A Transformative Year

This week’s blog was written by Mary G., a Bucktails alumni. Mary would like to study wildlife conservation in college and go on to become a wildlife biologist. She attended the academy because she wanted to meet wildlife biologists and learn what their jobs are like. Mary also wanted to learn about our state animal, the white-tailed deer.

2021 was a transformative year for me. I discovered amazing hobbies, learned incredible things, and got to be a part of awesome experiences. This was the year I joined eBird. I had started to watch birds at the end of 2020, but I soon discovered that there was a whole world of birds beyond my feeders. With the help of the internet and my field guide, I began to identify the unfamiliar species I saw. I also participated in some walks with experienced birders, who shared their knowledge with us beginners. Now my life list is at 79 birds (including a Great Horned Owl!!). I still have much to learn and much to see, but I’m happy with this first year of birding.

A downy woodpecker rests on the window by my bird feeders.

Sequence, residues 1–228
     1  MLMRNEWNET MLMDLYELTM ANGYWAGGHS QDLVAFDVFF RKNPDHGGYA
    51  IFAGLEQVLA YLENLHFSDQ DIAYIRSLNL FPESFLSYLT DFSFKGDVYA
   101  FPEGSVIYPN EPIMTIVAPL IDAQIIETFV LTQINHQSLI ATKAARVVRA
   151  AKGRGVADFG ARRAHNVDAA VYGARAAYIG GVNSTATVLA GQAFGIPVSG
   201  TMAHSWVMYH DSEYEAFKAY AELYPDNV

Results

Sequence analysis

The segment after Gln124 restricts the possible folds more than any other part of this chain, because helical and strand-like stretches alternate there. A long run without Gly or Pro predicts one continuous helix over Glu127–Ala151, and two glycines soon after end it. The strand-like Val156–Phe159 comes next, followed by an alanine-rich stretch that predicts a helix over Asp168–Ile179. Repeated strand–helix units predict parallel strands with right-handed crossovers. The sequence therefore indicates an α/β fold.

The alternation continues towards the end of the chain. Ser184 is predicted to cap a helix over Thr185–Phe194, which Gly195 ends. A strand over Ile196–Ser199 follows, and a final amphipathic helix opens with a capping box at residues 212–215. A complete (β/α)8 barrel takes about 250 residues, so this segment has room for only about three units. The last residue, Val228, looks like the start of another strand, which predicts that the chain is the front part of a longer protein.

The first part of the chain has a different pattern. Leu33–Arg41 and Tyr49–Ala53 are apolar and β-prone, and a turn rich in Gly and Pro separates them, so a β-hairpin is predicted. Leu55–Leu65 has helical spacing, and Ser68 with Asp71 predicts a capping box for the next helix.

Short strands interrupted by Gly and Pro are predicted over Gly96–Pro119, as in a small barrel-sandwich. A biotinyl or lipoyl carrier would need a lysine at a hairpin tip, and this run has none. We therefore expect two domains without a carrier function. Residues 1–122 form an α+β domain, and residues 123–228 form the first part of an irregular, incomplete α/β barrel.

I also started iNaturalist this year, and this really changed my life. I had been birding for a couple of months already and then I heard about a different app where you could observe anything, not just birds. I submitted observations of everything I found: fungi at the park, spiders on my deck, deer on the road. This added up to 582 observations. By researching the species I came across, I learned more about the plants, fungi, and animals that live in my area, like tan jumping spiders, Virginia creeper, and common snapping turtles.

A tan jumping spider tries to take down a fly at my house.

Wildlife Leadership Academy had a big impact on my year, too. I learned so much from both the online and in-person classes, and also from the outreach projects I worked on. I hadn’t ever done public speaking outside of school before, but this year I led programs at the local library. Another large part of my outreach was learning. I attended events at nearby parks, where I got to hear about local history, invasive plants, and wildlife. I also enrolled in online classes about ecology and entomology.

One of my outreach presentations that I made for the library.

Before this year, I never expected to be interested in these topics. Birds were nice, and bugs were fine, but I didn’t think I would want to study them. Now I can see that wildlife is really important and really fascinating. I hope to discover even more in the coming year and to never give up on these interests.

The photos in this blog belong to the author.